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Monday, 18 July 2016


King Edward I of England's motto was "Pactum Serva" (meaning "keep troth"). He later had this transcribed on his tomb.

During the French Revolution, the French government, with its new motto of ‘Liberty, Fraternity, Equality’, voted on March 8, 1790 to keep slavery in its colonies.

After the Revolution, the motto was sometimes written as "Liberty, Equality, Fraternity, or Death". The "death" part was later dropped for being too strongly associated with the Reign of Terror.

Text displayed on a placard announcing the sale of biens nationaux (1793).

Today 'Liberty, Fraternity, Equality’ is the national motto of France and the Republic of Haiti.

Following the death of her husband Prince Albert, Queen Victoria struggled with her grief. On one particular occasion when feeling suicidal she heard a voice saying, "For his sake, no, still endure". As a consequence the Queen adopted the words "still endure" as a motto.

British Prime Minister Benjamin Disraeli's motto was "Fort, nihil difficile." (Nothing is difficult to the strong.)

As a result of the increased religious sensibility arising from the American Civil War, the motto "In God We Trust" appeared for the first time on the two-cent coin in 1864. The motto had been partly inspired by some words in the final verse of "The Star-Spangled Banner," "And this be our motto: In God is our trust."

In 1956 a joint resolution of the U.S. Congress was signed by President Dwight D. Eisenhower, authorizing "In God we trust" as the U.S. national motto. Following is adoption, the phrase was inscribed for the first time on all American coins and banknotes.

Thomas Edision's motto which was posted throughout his laboratories was "There is no expedient to which a man will not go to avoid the real labor of thinking."

Founded in 1899 by a group of Swiss, English and Catalan footballers Barcelona FC has become a symbol of Catalan culture and Catalanism, hence the motto "Més que un club" (More than a club).

The RAF formed 313 Squadron as the third Czech fighter squadron during World War II. Its motto was ‘Jeden jestrab mnoho vran rozhani’, which translates as ‘ One hawk scatters many crows’.

Konstantin Stanislavsky (January 17, 1863 – August 7, 1938) was a Russian actor and theater director whose Stanislavsky system would inspire numerous acting teachers in America. His "emotional memory" technique became a dominant force in film acting, especially in the period after World War II. Stanislavsky's motto was "Think of your own experiences and use them truthfully."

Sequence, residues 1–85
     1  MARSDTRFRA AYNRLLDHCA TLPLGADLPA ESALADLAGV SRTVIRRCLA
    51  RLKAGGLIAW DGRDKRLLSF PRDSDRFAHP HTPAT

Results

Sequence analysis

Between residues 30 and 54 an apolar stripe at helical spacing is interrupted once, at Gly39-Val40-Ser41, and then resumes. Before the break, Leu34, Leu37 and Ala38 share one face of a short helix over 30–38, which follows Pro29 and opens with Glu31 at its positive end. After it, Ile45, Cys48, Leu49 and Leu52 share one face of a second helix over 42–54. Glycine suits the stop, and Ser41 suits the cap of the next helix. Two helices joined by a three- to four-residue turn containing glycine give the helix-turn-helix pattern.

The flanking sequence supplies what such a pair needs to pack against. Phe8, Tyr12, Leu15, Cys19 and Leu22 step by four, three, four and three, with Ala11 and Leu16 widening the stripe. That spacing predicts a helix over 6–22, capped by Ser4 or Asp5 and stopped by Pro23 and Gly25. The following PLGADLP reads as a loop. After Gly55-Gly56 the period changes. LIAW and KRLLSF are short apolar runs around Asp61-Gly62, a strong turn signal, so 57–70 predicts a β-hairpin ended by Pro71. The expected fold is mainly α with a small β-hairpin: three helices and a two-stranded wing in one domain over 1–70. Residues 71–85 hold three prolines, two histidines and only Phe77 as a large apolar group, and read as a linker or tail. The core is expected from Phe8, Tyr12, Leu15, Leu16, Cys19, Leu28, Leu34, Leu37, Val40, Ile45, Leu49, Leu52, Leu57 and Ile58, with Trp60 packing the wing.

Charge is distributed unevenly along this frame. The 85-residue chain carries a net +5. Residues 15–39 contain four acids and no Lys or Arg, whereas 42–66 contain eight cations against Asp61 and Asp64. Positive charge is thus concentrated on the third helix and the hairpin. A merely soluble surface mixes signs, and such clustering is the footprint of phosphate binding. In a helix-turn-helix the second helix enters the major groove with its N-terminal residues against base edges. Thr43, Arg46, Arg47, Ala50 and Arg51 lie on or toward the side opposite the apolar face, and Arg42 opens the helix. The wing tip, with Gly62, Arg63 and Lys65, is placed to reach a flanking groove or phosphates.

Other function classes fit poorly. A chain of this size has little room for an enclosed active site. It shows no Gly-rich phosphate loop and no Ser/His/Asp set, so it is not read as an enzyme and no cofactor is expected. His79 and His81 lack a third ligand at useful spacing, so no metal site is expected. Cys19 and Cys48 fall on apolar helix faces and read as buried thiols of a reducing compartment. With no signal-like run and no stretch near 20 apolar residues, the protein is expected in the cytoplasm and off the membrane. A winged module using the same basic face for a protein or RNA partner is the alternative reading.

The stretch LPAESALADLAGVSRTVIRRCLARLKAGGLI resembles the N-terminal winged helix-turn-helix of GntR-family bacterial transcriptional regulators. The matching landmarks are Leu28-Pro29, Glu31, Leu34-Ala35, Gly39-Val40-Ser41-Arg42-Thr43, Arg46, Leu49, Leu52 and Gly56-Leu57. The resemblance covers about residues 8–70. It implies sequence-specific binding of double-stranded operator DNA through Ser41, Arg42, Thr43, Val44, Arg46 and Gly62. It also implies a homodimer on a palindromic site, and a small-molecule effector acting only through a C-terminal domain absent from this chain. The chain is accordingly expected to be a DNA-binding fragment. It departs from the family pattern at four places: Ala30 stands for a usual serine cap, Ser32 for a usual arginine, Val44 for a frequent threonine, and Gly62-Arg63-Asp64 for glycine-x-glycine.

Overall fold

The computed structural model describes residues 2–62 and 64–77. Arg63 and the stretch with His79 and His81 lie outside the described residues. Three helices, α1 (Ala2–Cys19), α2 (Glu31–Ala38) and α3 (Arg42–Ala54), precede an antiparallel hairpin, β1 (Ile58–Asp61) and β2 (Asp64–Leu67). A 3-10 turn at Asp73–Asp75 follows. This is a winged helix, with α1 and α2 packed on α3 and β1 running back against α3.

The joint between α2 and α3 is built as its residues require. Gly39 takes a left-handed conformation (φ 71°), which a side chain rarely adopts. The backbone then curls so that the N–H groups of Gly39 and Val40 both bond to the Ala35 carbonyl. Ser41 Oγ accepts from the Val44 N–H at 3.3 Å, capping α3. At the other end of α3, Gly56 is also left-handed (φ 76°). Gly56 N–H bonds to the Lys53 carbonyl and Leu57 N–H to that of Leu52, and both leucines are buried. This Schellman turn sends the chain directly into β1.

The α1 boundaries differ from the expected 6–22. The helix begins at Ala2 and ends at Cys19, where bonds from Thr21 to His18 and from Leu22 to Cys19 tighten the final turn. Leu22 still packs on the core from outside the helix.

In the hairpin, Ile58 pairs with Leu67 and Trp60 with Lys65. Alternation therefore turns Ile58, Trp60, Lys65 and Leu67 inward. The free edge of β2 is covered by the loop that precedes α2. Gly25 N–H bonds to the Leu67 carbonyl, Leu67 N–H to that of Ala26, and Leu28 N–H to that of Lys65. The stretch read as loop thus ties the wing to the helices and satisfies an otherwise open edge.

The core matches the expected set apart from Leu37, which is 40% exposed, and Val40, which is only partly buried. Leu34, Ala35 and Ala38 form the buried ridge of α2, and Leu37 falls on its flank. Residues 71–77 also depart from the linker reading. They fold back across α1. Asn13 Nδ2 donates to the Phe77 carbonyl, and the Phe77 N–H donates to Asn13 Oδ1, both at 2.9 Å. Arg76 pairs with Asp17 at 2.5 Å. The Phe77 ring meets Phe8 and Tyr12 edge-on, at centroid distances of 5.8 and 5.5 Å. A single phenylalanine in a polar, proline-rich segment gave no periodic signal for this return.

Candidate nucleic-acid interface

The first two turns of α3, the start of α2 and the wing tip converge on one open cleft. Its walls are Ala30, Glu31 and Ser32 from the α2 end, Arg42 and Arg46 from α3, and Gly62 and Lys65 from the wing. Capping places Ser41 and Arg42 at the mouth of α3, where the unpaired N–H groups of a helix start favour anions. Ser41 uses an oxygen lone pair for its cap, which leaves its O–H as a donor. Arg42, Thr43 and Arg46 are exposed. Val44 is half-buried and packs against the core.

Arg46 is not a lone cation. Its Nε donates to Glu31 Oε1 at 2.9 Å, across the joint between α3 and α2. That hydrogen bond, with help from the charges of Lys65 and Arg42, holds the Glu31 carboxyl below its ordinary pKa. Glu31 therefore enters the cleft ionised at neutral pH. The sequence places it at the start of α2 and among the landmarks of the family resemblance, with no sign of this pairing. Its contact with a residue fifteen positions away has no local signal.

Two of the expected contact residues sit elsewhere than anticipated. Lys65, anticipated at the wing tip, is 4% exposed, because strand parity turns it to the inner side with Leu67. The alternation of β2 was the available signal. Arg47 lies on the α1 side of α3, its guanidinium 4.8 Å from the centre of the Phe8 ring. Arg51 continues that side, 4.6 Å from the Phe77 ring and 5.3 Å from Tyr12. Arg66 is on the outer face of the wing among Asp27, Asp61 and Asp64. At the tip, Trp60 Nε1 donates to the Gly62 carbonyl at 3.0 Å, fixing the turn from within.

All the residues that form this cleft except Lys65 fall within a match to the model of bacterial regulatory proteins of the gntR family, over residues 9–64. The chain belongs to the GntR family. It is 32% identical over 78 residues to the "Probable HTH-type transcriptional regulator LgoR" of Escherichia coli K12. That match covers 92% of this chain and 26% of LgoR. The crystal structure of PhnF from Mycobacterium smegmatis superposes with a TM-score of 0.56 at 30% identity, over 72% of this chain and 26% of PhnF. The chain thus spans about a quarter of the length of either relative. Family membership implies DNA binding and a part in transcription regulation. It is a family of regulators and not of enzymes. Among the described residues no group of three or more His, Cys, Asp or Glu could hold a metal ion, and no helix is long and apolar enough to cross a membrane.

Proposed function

Konstantin  Stanislavsky by Bundesarchiv, Bild Wikipedia Commons

Muhammad Ali was almost as renowned for his flamboyant personality as for his boxing ability. His motto was "I am the greatest!"

The title of the James Bond film, The World Is Not Enough, was taken from the 1658 motto of the wealthy financier Sir Thomas Bond, who gave his name to Bond Street, London. The phrase also appeared on a dust cover of Ian Fleming's novel On Her Majesty's Secret Service, in which Bond comments that "it is an excellent motto which also certainly adopt."

"Unity in Diversity" was adopted as the European Union's motto on May 4, 2000 following a contest called A Motto for Europe.

"A motto for Europe" contest logo.

In his autobiography With the Century, North Korean dictator Kim Il-sung stated that his motto is "The people are my God.”

The motto of The Magic Society is the Latin indocilis privata loqui, roughly translated as "not apt to disclose secrets."

The motto of the Marine service is Semper Fidelis, meaning "Always Faithful" in Latin.

The motto of Harrod's London store is Omnia Omnibus Ubique—"All Things for All People, Everywhere."

The Mercedes-Benz motto is “Das Beste oder Nichts” which means “The best or nothing."

Idaho's state motto is Esto perpetua, which is Latin for "Let it be forever".

Ohio derived its state motto, "With God, all things are possible", from a passage in the Gospel of Matthew. It prompted a lawsuit from the American Civil Liberties Union.

Maryland's motto is Fatti maschii, parole femine, which is Italian for "Manly deeds, womanly words". Maryland is the only state with a motto in Italian.

New Orleans's official motto is "Laissez les bons temps rouler!"("Let the good times roll!")

The motto of Bogata is "2600 meters closer to the stars" (in reference its altitude above sea level).

The official city motto of Paris is "Fluctuat nec mergitur", meaning "She is tossed by the waves but does not sink."

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